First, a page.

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Driven by responsibilities

By James O. Heiting
President, State Bar of California

James O. Heiting
Heiting

I was always trained to act and behave as an officer of the court. I have been educated, have taken examinations and have been mentored as an officer of the court. I have taken an oath to uphold and defend the constitutions under which we thrive as Americans and Californians. I am told that, as a lawyer, an attorney, a citizen with special privileges and responsibilities that the license carries, I am an officer of the court.

I have always believed that lawyers and judges, being part of and having roles in the judicial branch of the government, have an obligation to respect each other and to honor each other. It is an honor to be able to represent clients before the court, to argue cases and law, and to effect change where change is needed, to advocate for those propositions that serve to bring us closer to “justice,” to stand before the court as one seeking the court’s resolution of a dispute that could otherwise result in far more dramatic forms of “resolution,” the removal of a criminal from doing further harm, the exoneration of the innocent from threatened criminal sanction. As lawyers and judges, we are the glue that holds our society together.

Yet many of us have a mentality that falls far short of the lofty ideals that encompass the practice of law and judgment of the facts with application and interpretation of the law. Lawyers develop the mentality of “winning” at all costs, and judges the mentality of “management” (“administration” of justice.)

I am not saying that these trends are not driven by society, by economics, sometimes by necessity. Winning is great. The management of the courts that we experience now has been required by, among other things, the lack of sufficient court resources (numbers of judges being one such resource). I am saying that these are not the ideals of the law, and we must strive mightily to overcome these trends that serve as stumbling blocks to justice. But what can we do about it? We are just pawns in a bigger picture. We have no ability to effect change of this magnitude. Do we? Of course we do. So where do we start?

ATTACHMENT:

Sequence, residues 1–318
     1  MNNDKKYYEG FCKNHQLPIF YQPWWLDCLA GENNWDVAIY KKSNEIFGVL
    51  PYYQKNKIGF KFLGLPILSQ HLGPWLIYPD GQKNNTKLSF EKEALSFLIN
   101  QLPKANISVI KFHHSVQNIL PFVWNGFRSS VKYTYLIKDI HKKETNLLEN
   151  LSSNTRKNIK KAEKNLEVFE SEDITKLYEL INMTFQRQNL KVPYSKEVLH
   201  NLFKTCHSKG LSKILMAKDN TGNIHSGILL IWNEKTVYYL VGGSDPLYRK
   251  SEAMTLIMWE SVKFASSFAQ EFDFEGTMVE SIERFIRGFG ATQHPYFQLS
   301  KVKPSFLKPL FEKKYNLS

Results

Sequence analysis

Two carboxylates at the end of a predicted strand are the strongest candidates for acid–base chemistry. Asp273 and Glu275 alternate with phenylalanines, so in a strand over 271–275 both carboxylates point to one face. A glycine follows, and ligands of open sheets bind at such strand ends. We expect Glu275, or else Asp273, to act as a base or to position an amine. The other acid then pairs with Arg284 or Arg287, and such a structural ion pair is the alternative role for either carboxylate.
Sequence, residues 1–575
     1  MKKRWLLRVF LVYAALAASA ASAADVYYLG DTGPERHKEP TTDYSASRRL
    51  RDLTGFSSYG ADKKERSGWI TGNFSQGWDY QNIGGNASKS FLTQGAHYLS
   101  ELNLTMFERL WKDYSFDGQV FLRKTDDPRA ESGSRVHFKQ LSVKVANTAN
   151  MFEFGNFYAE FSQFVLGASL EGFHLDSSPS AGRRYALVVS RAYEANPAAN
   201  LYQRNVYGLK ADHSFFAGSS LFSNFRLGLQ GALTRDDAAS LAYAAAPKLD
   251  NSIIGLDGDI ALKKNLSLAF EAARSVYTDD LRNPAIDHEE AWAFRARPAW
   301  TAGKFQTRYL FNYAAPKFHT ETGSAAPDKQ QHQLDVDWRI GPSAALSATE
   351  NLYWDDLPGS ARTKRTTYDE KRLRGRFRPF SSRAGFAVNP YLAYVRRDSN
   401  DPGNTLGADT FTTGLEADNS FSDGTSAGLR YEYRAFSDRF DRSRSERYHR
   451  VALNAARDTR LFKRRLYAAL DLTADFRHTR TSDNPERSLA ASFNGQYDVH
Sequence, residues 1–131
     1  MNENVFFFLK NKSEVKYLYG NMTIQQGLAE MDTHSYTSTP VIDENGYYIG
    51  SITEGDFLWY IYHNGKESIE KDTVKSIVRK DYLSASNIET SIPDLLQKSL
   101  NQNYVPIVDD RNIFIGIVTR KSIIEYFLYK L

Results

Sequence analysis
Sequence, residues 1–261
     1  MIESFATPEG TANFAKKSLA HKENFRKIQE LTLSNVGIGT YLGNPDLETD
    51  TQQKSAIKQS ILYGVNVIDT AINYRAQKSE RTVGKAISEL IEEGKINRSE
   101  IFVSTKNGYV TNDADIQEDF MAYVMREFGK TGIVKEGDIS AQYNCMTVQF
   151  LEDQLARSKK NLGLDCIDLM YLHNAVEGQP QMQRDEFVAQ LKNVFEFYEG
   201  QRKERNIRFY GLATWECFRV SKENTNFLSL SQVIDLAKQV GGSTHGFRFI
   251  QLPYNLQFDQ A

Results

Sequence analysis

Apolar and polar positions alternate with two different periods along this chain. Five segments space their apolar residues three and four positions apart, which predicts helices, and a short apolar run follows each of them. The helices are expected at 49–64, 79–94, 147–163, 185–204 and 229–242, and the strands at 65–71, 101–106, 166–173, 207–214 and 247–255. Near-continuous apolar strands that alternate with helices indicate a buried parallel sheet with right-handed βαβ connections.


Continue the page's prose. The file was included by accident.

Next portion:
We start with the recollection of who we are and the responsibilities we carry. We remember those who came before and made extreme sacrifices in the furtherance of the goals and ideals that would lead to upholding the rights of our citizens, redressing wrongs and putting things right. When we say the Pledge of Allegiance, we recognize that “liberty and justice for all” is a work in progress and that we are each integral players in its progression, either forward or back.

We must have “the courage to change the things we can.” We must accept responsibility each time we have opportunity. With opportunity comes responsibility. “The longest journey starts with the first step,” even if the step is small.

I have learned, much credit to the Leo A. Deegin Inn of Court, that practicing with ethics and civility is a first step toward a better court system. I can still advocate effectively (probably more effectively) for my clients. A practice filled with mutual respect and civility not only is much more enjoyable, I find it more effective to my advocacy for my clients and to the ultimate resolution of the case. I still am able to win, even though I don’t practice in the hard-nosed, win-at-all-costs style I used to employ.

And one of the spinoffs of this type of practice is that the courts have more time to devote to deciding real issues and real disputes, not ones made up by bad attitudes and immaturity of lawyers embroiled in an epic struggle of egos. One small step toward a more effective court.

Ours is a noble profession, and we must differentiate between what we can do and what we should do. It is a profession that carries principles of honesty, integrity, public service, dispute resolution, problem solving, counseling, negotiating, peace making. Renewing the image of a lawyer as a problem solver (rather than a problem causer) would be one of the hoped-for results. Let us strive for liberty and justice for all in all that we do. Every effort makes a difference. Let’s go out and do some good.

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